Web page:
HealthBoosting Food Safety: EU Invests in Four Innovative Projects

Boosting Food Safety: EU Invests in Four Innovative Projects

Europe-funded food safety ​initiatives are now in full swing, with a particular focus on‍ enhancing ⁣food ⁤safety standards in Africa. One prominent project, ‌known as⁣ FS4Africa, aims to ⁢address various challenges such as ⁣mycotoxin contamination in a wide range of food⁤ crops, pesticide residues, microbial contamination, and food adulteration. The ​primary objective is to enhance food safety systems ‌across Africa, especially within the informal‍ sector, by developing and ⁤implementing relevant policies.

This project, backed by nearly €5 million ($5.4 million) from Horizon Europe, is led by⁤ the International Institute‌ of Tropical Agriculture in Nigeria and is scheduled to run until December 2027. Collaborating partners include renowned institutions⁤ like​ Wageningen University, the University‍ of Pretoria, the ‍African Union ‌Development Agency, ⁣Foodscale Hub, Innovation Technology Cluster, and Bayer.

Another key initiative focuses on addressing food safety practices and mycotoxin contamination⁢ throughout the food supply chain, ⁣from ⁣production to consumption.⁢ The UP-RISE EU-African Union​ project will involve fieldwork in Benin,⁣ Côte d’Ivoire, Nigeria, ⁣Kenya, and South Africa, targeting fermented‌ food products based on maize, millet, sorghum, or milk. These efforts will be implemented in 10 SMEs located in the specified member states.

Efforts under this‌ project aim to enhance the regulatory framework concerning mycotoxins in both​ formal and informal sectors, provide early warning systems to prevent contamination, combat food loss, and improve overall food safety standards‍ through innovative mycotoxin reduction solutions. With a substantial funding of over €5 million ($5.4 million) from the EU, this project, led by Ghent University, ⁤is expected to continue until December 2027, with collaboration from partners such ⁤as the⁣ National Research Council (CNR), the University of⁤ Nairobi, Women in Africa, ADS Insight, ‍and the Université de Montpellier.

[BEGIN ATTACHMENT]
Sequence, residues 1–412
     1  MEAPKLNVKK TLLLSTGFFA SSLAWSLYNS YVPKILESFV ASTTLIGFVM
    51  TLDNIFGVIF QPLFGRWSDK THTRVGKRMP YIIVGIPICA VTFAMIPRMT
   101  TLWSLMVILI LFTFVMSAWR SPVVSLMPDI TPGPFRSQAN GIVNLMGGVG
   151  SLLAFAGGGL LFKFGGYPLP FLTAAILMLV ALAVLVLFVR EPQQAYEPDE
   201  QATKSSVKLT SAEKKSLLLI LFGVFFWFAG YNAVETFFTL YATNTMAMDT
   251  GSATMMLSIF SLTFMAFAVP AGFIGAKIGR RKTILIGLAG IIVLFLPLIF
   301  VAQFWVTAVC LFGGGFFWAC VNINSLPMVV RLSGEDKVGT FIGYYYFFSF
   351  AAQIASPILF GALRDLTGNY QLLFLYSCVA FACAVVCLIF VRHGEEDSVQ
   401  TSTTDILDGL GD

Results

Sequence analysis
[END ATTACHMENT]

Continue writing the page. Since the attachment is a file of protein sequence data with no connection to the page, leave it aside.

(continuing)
Additionally, there is a project titled CATALYSE, which aims to enhance knowledge sharing and promote innovative solutions along the food value ‍chain. ⁣It seeks⁣ to facilitate communication among key stakeholders such as end-users, innovators, ‌practitioners, trainers, and regulators to address practical needs effectively. The​ partners ⁤involved will provide ​education and training on food safety, ​support start-ups and SMEs in the food industry, and make critical information on ⁢food safety practices accessible through an open access platform. This project, supported ⁢by under €2 million ($2.1 million) in‌ funding and led by ⁢Università Cattolica del Sacro Cuore in Milan, is slated to run until December ​2026 in ‌collaboration with partners like Nofima, EFFoST, Ruokavirasto, FoodDrinkEurope, and ANSES.

Lastly, ⁤the MYCOBEANS project focuses on exploring emerging risks associated with mycotoxins in legumes used⁤ as alternative plant protein sources. This project,‌ spearheaded by ‍the University of Parma ⁣and involving partners ⁣like Barilla and R-Biopharm, aims to introduce innovative approaches in mycotoxin ‌diagnostics, toxicological evaluations, and biotechnological mitigation strategies along the plant⁢ protein supply chain. Collaborating institutions include Queen’s University Belfast, Lynn’s Country Foods,‌ and the National⁢ Science and⁤ Technology Development Agency in Thailand.

LEAVE A REPLY

Please enter your comment!
Please enter your name here

Subscribe Today

GET EXCLUSIVE FULL ACCESS TO PREMIUM CONTENT

SUPPORT NONPROFIT JOURNALISM

EXPERT ANALYSIS OF AND EMERGING TRENDS IN CHILD WELFARE AND JUVENILE JUSTICE

TOPICAL VIDEO WEBINARS

Get unlimited access to our EXCLUSIVE Content and our archive of subscriber stories.

Exclusive content

Latest article

More article